Episode 4 the other evening was looking at the question, "Where did the universe come from?" He began by helping them get a good guesstimate of how many galaxies (not just stars) there are in the universe. (At least 250,000,000,000!) He then introduced them to the Doppler Effect and red-shift which discovered that all galaxies (in all directions) are "moving away" from us. With an ingenious use of hockey players and expanding balloons he had them illustrate how and why the galaxies that are farther away are "moving" away faster than those close to us. It also showed that, in essence the galaxies are not "moving away" but rather the space between galaxies is expanding. (Don't even try to wrap your head around that one. There's more....)

      Finally with the use of tiny lights on two screens he blew my mind.



      In summary he showed that depending on how you moved the screens to show the direction from which we have come, whatever galaxy you used to line it up became the center of the Big Bang. Let me state that a little differently:
      • Everything is the center of the universe.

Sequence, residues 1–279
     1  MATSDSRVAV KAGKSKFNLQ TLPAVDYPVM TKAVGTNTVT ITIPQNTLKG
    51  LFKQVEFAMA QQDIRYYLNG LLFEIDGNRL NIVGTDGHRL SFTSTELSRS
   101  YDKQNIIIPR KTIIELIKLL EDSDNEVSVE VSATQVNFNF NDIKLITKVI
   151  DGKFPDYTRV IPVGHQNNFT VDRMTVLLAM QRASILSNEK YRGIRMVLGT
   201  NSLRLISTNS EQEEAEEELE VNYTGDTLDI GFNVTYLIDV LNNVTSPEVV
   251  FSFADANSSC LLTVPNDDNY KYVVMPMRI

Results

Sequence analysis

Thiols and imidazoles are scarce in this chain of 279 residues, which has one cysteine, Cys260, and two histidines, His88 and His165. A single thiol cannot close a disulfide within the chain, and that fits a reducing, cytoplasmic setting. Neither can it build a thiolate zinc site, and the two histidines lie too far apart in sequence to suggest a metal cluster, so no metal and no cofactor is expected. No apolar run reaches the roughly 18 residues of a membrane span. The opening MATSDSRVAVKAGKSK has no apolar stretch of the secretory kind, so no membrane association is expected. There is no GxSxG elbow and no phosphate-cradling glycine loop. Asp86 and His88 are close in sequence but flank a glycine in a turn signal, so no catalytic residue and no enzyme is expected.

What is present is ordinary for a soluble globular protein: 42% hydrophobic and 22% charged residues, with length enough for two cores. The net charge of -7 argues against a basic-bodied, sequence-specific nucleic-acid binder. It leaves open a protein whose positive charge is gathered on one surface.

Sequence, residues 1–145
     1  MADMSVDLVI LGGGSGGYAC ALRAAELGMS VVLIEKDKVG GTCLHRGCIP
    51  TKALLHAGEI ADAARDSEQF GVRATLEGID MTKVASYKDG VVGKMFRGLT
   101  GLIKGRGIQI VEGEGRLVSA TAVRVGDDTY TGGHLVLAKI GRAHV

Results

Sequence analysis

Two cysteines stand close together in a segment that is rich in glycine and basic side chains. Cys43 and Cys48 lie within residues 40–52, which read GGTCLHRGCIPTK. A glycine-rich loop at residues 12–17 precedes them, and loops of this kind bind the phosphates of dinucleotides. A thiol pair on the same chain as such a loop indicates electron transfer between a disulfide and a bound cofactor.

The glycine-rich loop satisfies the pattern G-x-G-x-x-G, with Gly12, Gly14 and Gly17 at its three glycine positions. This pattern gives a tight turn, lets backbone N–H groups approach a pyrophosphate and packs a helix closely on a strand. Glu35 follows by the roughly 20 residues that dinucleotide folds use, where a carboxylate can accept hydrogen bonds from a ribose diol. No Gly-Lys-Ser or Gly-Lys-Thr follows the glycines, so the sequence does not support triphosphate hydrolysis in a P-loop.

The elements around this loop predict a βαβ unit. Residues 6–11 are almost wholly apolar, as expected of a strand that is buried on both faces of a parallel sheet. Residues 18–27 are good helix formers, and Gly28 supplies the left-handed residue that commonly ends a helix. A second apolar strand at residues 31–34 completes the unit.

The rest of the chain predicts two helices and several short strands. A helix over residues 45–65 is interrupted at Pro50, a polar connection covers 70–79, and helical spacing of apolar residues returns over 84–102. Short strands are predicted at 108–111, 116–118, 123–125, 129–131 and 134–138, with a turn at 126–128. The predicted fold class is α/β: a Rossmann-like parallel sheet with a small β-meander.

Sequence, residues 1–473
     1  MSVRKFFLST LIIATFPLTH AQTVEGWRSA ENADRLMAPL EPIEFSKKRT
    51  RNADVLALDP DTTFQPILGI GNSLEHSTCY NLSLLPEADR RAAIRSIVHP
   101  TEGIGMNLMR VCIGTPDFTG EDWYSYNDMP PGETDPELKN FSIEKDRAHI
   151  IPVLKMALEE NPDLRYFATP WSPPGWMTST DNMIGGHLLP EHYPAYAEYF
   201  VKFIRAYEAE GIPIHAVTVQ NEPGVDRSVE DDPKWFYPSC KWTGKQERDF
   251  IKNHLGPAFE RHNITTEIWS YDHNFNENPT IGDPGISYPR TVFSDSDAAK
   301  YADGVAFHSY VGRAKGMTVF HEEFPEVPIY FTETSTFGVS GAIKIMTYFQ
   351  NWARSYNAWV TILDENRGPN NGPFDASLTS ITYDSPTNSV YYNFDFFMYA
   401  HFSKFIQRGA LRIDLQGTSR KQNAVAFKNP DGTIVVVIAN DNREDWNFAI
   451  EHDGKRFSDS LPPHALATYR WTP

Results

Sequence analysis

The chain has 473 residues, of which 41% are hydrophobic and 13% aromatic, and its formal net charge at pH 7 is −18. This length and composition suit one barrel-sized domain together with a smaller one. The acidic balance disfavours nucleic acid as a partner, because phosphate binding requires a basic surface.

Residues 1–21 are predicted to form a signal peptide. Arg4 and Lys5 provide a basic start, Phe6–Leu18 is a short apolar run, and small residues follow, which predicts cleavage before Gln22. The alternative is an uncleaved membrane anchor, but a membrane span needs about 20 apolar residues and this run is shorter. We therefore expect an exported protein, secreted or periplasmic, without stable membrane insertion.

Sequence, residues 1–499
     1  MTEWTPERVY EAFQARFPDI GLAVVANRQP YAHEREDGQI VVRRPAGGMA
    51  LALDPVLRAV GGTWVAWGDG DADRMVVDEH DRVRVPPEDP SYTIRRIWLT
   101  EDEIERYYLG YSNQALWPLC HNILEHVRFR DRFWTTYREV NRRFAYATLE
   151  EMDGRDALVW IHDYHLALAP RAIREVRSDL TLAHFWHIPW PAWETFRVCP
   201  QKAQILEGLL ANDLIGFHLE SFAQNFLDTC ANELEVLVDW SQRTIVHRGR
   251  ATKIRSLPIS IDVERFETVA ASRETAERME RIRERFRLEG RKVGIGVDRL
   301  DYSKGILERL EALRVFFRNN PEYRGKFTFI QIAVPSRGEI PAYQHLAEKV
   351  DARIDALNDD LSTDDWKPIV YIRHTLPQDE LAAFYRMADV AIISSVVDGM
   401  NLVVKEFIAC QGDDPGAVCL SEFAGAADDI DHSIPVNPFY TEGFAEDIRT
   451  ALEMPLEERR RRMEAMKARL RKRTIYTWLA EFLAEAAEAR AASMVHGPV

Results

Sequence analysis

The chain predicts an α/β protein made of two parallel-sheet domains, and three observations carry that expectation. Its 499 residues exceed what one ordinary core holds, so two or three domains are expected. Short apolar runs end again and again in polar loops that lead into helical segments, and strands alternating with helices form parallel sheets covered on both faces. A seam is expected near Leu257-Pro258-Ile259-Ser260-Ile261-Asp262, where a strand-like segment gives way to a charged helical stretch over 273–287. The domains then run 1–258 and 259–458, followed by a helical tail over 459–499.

• Everything is the origin of where we came from.
      Huh?

      My first thought was simply,
      So! I really am the center of the universe!
      Which morphed into,
      And so is every person, place, and thing in the universe!
      Whoa!

      All of us started in that infinitely small and infinitely dense singularity that became the Big Bang. Every molecule, atom, whatever, was contained in that moment. All the matter and energy that exists today has existed since the beginning of the universe and was present at the beginning of the universe.

      Everything, Hawking led us to understand therefore, is the center of where everything began.

      More metaphorically, as Joni Mitchell wrote in 1969, we are stardust. Literally!

      The "stardust" and "billion-year old carbon" that was and is the center of the universe.

      No, I cannot grasp that concept very well. I can accept it, knowing that in another 50 years (or less) someone may come up with a completely new description of it. For today I simply sit in awe of the thinkers who can formulate these ideas as well as the infinite wonder, beauty, complexity, and simplicity of the universe.

      Saturday, May 28, 2016

      Great Writing